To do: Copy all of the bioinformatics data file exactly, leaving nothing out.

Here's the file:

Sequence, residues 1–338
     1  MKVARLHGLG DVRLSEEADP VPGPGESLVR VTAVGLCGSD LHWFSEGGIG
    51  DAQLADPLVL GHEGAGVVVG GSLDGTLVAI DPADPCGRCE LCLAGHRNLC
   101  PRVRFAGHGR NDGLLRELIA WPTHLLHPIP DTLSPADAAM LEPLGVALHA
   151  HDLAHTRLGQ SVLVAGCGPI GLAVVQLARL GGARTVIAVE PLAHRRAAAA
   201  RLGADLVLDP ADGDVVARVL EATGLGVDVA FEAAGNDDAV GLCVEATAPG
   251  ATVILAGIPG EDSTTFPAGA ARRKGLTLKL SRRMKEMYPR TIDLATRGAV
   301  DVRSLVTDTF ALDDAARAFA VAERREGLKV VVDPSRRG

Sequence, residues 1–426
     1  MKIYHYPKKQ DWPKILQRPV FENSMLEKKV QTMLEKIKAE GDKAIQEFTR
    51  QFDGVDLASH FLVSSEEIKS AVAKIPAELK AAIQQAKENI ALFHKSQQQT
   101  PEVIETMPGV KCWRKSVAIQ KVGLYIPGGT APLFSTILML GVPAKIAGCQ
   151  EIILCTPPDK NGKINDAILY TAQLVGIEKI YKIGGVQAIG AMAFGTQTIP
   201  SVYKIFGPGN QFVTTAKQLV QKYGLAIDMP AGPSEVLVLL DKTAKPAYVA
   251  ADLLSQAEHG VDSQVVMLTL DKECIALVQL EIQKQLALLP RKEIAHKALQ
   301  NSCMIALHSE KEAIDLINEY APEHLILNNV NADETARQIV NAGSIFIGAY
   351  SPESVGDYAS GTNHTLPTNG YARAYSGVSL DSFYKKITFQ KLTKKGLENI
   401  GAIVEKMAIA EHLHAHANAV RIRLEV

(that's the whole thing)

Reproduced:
Sequence, residues 1–338
     1  MKVARLHGLG DVRLSEEADP VPGPGESLVR VTAVGLCGSD LHWFSEGGIG
    51  DAQLADPLVL GHEGAGVVVG GSLDGTLVAI DPADPCGRCE LCLAGHRNLC
   101  PRVRFAGHGR NDGLLRELIA WPTHLLHPIP DTLSPADAAM LEPLGVALHA
   151  HDLAHTRLGQ SVLVAGCGPI GLAVVQLARL GGARTVIAVE PLAHRRAAAA
   201  RLGADLVLDP ADGDVVARVL EATGLGVDVA FEAAGNDDAV GLCVEATAPG
   251  ATVILAGIPG EDSTTFPAGA ARRKGLTLKL SRRMKEMYPR TIDLATRGAV
   301  DVRSLVTDTF ALDDAARAFA VAERREGLKV VVDPSRRG

Sequence, residues 1–426
     1  MKIYHYPKKQ DWPKILQRPV FENSMLEKKV QTMLEKIKAE GDKAIQEFTR
    51  QFDGVDLASH FLVSSEEIKS AVAKIPAELK AAIQQAKENI ALFHKSQQQT
   101  PEVIETMPGV KCWRKSVAIQ KVGLYIPGGT APLFSTILML GVPAKIAGCQ
   151  EIILCTPPDK NGKINDAILY TAQLVGIEKI YKIGGVQAIG AMAFGTQTIP
   201  SVYKIFGPGN QFVTTAKQLV QKYGLAIDMP AGPSEVLVLL DKTAKPAYVA
   251  ADLLSQAEHG VDSQVVMLTL DKECIALVQL EIQKQLALLP RKEIAHKALQ
   301  NSCMIALHSE KEAIDLINEY APEHLILNNV NADETARQIV NAGSIFIGAY
   351  SPESVGDYAS GTNHTLPTNG YARAYSGVSL DSFYKKITFQ KLTKKGLENI
   401  GAIVEKMAIA EHLHAHANAV RIRLEV